Laboratory Activities

​​​​Overview

Laboratory activities and classes provide students hands-on experiences with course concepts and significant opportunities to achieve many of the following student learning objectives:

  • Develop intuition and deepen understanding of concepts.
  • Apply concepts learned in class to new situations.
  • Experience basic phenomena.
  • Develop critical, quantitative thinking.
  • Develop experimental and data analysis skills.
  • Learn to use scientific apparatus.
  • Learn to estimate statistical errors and recognize systematic errors.
  • Develop clinical assessment skills.
  • Develop reporting skills (written and oral).
  • Practice collaborative problem solving.
  • Exercise curiosity and creativity by designing a procedure to test a hypothesis.
  • Better appreciate the role of experimentation in science.
  • Test important laws and rules (National Resource Council, 1997, p. 17).

Practical Applications

However, to ensure an effective laboratory experience, it is critical to review the following recommendations:

​I. Preparations

​A​. Pre-Lab (things to consider before the lab even begins)
    1. ​​Identify student learning objectives for the lab exercise.
    2. Ensure that lab exercises align with lecture material or current course content.
    3. Assign pre-lab activities, such as reading material and pre-lab questions, prior to class.
    4. Complete the lab in advance and anticipate questions students will asks.
    5. Develop a brief, mini-lecture that introduces key terms, reviews relevant background material, identifies “real world” relevance of the experiment, demonstrates equipment, outlines the purpose of the activity, reviews safety precautions and explains​ evaluation criteria. (You might consider developing the mini-lecture as an audio or video recording for students to access online or via Blackboard and view prior to the lab.)
    6.  Make any necessary instruction guides and print lab reports.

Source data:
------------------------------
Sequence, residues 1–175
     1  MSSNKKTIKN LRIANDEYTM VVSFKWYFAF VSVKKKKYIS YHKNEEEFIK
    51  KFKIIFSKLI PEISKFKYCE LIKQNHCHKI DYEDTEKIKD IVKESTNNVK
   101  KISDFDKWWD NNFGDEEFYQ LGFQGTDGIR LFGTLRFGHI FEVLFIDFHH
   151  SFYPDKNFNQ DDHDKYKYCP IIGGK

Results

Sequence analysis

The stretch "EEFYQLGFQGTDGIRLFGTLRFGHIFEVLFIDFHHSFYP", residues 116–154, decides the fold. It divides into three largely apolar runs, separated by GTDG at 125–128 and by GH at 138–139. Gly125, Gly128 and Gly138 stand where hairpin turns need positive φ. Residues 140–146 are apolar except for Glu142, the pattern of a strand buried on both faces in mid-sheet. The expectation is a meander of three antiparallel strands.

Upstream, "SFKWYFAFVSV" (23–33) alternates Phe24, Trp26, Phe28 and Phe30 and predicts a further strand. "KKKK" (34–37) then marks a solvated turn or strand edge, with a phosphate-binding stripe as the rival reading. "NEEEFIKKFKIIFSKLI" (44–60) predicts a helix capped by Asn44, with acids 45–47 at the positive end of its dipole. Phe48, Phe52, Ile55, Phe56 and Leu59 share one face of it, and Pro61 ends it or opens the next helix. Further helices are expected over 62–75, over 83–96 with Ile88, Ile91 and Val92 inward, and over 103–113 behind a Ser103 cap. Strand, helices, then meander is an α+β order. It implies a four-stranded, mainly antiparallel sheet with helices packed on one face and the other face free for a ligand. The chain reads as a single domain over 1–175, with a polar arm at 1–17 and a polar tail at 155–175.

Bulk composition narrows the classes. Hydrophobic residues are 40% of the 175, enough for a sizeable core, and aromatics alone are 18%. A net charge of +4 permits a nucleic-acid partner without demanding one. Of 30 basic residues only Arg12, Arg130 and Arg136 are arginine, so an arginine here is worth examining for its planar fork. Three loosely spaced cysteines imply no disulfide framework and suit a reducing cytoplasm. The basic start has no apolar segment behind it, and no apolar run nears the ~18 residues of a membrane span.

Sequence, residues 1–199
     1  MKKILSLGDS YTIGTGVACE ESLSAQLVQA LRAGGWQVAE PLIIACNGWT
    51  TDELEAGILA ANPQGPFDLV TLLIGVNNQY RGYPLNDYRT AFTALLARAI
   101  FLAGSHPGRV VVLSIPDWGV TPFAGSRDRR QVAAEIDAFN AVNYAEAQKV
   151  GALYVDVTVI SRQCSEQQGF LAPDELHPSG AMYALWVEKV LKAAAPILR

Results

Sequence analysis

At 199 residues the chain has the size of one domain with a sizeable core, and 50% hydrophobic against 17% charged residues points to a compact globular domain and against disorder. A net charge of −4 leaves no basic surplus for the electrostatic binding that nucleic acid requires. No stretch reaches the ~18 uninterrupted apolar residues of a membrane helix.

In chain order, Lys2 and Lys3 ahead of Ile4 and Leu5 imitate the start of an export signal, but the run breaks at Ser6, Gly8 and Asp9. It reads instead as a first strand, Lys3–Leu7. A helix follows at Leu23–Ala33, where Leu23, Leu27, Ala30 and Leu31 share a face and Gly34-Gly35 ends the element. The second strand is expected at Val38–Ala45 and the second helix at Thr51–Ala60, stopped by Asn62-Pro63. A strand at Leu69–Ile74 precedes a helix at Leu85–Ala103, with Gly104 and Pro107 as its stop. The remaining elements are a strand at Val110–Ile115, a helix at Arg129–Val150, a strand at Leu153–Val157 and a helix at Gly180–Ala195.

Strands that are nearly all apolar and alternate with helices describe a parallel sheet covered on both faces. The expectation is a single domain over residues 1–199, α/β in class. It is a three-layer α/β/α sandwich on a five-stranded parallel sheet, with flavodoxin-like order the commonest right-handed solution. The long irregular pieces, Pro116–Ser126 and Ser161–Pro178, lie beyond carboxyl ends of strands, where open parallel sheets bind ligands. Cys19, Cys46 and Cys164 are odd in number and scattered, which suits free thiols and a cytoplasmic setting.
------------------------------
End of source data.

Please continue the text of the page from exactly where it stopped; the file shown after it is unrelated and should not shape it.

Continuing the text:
II. During Lab

A. Lab Work

    1. Review the purpose and the evaluation criteria.
    2. Provide an outline or an agenda of the lab activities and allotted time available.
    3. Make sure lab handouts or worksheets are properly completed.
    4. Check that observations are reasonable and conclusions are based on the data.
    5. Encourage students to work in pairs or small groups.
    6. Circulate throughout the classroom and provide timely and relevant feedback on student progress.

B. Follow-Up Discussion

​​​​1.​ Encourage students to share their discoveries with the class.

2. Some experiments lend themselves to tabulating results, or performing statistical analyses. In these cases, consider discussing the following questions:

a. What experimental observations differed among groups?

b. How do student observations relate to applicable theory/theories?

c. What theories apply and how were those theories developed (history)?

d. How do theories apply to lecture material and to real life?

e. How would such a discovery affect other systems?

3. Students often appreciate an enhanced understanding of lecture material.

a. Wrap-up discussions during the last fifteen to twenty minutes of class to aid understanding; encourage the students to make the connections to lecture.

​b. Discuss and review how the lab activity (and its results) fit into the “big picture.”


III. After Lab: Read, evaluate and return lab reports in a timely manner with specific and cogent feedback.


Adapted from Teaching Introductory Laboratory Courses by Levin (2012.). Teaching Resource Center, University of Virginia. Retrieved from http://trc.virginia.edu/wp-content/uploads/2013/08/Teaching_Labs.pdf


Recommended Resources

Related Evaluation and Assessment Resources

  • Sample Laboratory Report Rubrics, Center for Research on Learning and Teaching, University of Michigan: http://www.crlt.umich.edu/gsis/p7_11 (This website offers an example of a holistic rubric and an analytical rubric for laboratory reports.)

References

  • National Research Council. Science teaching reconsidered: A handbook. (1997). Washington, DC: The National Academies Press. Retrieved from http://nap.edu/catalog/5287.html